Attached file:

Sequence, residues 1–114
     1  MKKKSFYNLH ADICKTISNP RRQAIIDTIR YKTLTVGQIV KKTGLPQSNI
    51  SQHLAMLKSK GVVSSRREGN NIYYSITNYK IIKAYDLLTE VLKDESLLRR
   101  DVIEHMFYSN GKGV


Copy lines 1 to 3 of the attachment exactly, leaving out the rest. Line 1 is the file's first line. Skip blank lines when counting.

Sequence, residues 1–114
     1  MKKKSFYNLH ADICKTISNP RRQAIIDTIR YKTLTVGQIV KKTGLPQSNI
    51  SQHLAMLKSK GVVSSRREGN NIYYSITNYK IIKAYDLLTE VLKDESLLRR